If you could watch a fast-motion video of today, you would see a frazzled woman running up and down stairs and back and forth between babies — add “Flight of the Bumblebee” for background music, and it would almost be a comedy.

Some days I look around at my life and I think, like a terrified 3-year-old, I just want my mom.

If I were at home, I could have scooped up the kids and taken them to my parents’ for a while, removing them from all the virus particles that have surely settled into every crevice of our home by now. I could have refilled Al’s Gatorade one more time and let him sleep in silence while I had help bathing the children.

Instead I made breakfast for everyone but me in an infected kitchen and leaned over the sink and cried for the first time in months. My son — who has literally never seen me do this, ever — said sadly, “Sowwy, Mommy,” which completely broke my heart, and I hugged him and hugged him even while he smeared peanut butter in my hair.

The weight of all this responsibility is crushing sometimes, the impossible heaviness of it, and I forgot how to be tough today.

What will happen if I go down? Who will be responsible for me?

My mother says I need a mantra — something to repeat over and over when it feels like things are not all right — and I’m trying. I borrowed some of her own words to me from a text she sent: You don’t give yourself enough credit. You are stronger than you think. All of this, too, shall pass.

It will (I hope), although for now it feels like a never-ending cycle of wait-and-see contagion. But even when it passes, l’ll still be all the way out here, far away from so many people I love, and I’m not sure if I’m okay with that anymore. I’m tired of pretending that I am.

I don’t know. Maybe I’m just…tired. I haven’t slept in six nights. This is probably my exhaustion hangover talking, and I might legit regret posting this in a haze of sleep deprivation, but for tonight, here I am. If a mom breaks in California, and no one is around to see her, did it ever really happen?

May 16 2017

My Second Cali-versary

My Second Cali-versary

I have a confession: when I was a teenager, I told my parents I was going to move to California.

Back then, I wanted to act. Still kinda do (minus the whole stage fright thing). I’d performed in school plays (Dorothy in The Wizard of Oz), community theater (Anne Frank in The Diary of…), and landed roles in TV and radio commercials through a local Michigan agency. My SAG-AFTRA card has been firmly in hand since I was twelve, and for many years, I openly dreamed of leaving Michigan.

“Mo-om, the weather is, like, SO MUCH BETTER there,” I said on more than one occasion. “Why would anyone choose to live in a place with so much snow?” I went on and on about it, actually, much to my parents’ chagrin. I swore I would get out of Michigan and give acting the ol’ college try right after…you know, college. Continue reading

May 7 2017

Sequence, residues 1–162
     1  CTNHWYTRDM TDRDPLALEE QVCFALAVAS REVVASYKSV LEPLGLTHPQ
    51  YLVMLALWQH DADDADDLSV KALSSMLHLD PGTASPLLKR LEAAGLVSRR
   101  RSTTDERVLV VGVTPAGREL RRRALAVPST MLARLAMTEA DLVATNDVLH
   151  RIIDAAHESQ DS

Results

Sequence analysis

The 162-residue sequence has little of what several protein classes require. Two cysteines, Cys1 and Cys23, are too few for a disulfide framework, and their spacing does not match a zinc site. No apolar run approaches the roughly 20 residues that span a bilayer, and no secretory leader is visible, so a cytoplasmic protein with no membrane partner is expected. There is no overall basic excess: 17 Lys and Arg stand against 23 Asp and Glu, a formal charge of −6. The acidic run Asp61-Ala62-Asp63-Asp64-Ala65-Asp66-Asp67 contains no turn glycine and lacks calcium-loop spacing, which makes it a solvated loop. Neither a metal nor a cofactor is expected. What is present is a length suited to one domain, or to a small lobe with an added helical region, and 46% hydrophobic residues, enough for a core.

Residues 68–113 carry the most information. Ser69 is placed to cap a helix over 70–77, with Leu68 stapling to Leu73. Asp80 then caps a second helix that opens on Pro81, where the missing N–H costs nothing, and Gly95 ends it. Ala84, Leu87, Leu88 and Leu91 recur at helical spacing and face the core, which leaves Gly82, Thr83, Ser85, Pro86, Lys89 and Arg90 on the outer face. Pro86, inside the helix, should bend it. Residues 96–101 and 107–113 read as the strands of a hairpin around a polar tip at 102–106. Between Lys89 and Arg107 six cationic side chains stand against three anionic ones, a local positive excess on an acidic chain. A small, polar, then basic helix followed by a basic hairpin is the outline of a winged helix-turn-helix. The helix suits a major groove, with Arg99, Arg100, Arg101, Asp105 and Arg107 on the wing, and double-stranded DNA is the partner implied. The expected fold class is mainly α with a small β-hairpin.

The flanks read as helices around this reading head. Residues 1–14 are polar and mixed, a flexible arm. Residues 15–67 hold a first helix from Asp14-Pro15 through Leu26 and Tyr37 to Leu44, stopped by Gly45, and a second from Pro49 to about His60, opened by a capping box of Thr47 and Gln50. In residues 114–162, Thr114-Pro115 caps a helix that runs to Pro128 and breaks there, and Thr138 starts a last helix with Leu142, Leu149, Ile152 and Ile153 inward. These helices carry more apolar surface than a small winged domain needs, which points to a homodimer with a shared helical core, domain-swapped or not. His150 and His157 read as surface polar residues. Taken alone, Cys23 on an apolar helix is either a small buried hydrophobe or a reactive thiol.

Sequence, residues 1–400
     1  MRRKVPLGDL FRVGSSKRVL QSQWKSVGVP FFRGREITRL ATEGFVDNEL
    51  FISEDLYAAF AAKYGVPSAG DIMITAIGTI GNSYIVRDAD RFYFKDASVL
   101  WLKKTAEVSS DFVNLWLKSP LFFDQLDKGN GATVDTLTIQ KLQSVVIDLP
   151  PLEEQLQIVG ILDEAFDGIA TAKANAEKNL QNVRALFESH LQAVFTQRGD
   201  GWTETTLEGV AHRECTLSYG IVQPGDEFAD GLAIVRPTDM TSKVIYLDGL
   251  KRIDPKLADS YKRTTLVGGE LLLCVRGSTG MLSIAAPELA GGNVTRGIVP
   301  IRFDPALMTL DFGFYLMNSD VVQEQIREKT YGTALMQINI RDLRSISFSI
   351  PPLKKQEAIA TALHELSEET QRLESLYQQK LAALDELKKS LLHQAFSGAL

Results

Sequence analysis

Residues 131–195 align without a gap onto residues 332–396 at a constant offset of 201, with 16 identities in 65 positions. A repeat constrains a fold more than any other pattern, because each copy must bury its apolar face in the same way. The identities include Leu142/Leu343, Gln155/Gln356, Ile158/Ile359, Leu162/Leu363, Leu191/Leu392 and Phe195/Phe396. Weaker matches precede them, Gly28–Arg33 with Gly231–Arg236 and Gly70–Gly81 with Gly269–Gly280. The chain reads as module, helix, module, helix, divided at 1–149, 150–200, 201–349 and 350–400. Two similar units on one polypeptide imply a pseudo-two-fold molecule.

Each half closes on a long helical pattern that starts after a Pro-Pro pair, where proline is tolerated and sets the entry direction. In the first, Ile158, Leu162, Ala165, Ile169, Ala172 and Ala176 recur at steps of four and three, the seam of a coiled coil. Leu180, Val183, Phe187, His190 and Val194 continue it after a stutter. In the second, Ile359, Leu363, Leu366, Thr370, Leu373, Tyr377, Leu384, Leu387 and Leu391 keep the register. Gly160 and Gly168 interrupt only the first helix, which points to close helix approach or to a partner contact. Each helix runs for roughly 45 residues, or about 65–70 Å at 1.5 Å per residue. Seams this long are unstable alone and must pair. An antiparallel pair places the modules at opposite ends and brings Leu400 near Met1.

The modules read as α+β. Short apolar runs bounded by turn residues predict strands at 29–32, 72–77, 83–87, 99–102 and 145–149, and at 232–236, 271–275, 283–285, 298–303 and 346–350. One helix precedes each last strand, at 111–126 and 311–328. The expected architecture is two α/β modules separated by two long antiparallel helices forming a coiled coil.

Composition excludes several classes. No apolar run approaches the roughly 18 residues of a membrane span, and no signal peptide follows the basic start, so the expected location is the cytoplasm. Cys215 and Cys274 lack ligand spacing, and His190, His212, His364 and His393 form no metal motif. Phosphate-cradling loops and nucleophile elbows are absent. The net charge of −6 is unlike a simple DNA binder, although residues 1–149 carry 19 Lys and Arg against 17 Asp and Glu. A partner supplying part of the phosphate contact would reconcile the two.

Sorry I Was in Your Way, but the Thing Is I Have a Baby

Sorry I Was in Your Way, but the Thing Is I Have a Baby

As a parent of small children, you often get the vague sense that you are in the way. You notice the quiet cringes as you enter a restaurant, the looks of crushing disappointment when you board an airplane. You apologize thirteen times in the span of a one-block walk because the kids still haven’t learned (after eight million reminders) to look where they’re going.

Sorry. Sorry about that. Say excuse me, P. Look FORWARD when you walk, please. I’m so sorry.

We’re working on it. And most of the time, people are pretty nice — if not warmly understanding, they’re at least tolerant. I’m sure the people who wince at the sight of kids aren’t even doing it on purpose. It’s probably just an automatic reaction. Subconscious.

I’ve gotten used to feeling in the way, but there’s a huge difference between FEELING in the way and someone straight up telling you that you are — something that, this past week, has happened twice. TWICE. In one week. Continue reading

May 1 2017

To the Heroes Who Love Me When I Am Anxious

To the Heroes Who Love Me When I Am Anxious

Most of the time, I’m fine.

Or, more accurately, I’m “fine.” Most days, I function just like everyone else appears to function: I grocery shop, I play outside with my children, I laugh easily. I seem relaxed and comfortable and carefree. There is a soundtrack always playing in the background of my mind that is filled with worries and what-ifs, but on these days the music is low. Controlled. Almost muted.

And then there are days like the one last week. My husband was out of town, I was alone with the kids for several days and nights, and a few new-ish friends popped over for a couple hours to have some wine and watch a show. After a little while, I went upstairs to put my daughter to bed; and by the time I rejoined my company, I was drowning under the first crushing wave of a phobia-related panic attack. Continue reading